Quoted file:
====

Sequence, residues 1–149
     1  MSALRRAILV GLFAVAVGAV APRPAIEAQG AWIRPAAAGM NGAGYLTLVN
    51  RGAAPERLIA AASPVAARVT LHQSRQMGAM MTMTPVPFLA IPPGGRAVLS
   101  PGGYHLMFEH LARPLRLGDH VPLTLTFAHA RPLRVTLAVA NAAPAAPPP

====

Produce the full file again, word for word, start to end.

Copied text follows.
Sequence, residues 1–149
     1  MSALRRAILV GLFAVAVGAV APRPAIEAQG AWIRPAAAGM NGAGYLTLVN
    51  RGAAPERLIA AASPVAARVT LHQSRQMGAM MTMTPVPFLA IPPGGRAVLS
   101  PGGYHLMFEH LARPLRLGDH VPLTLTFAHA RPLRVTLAVA NAAPAAPPP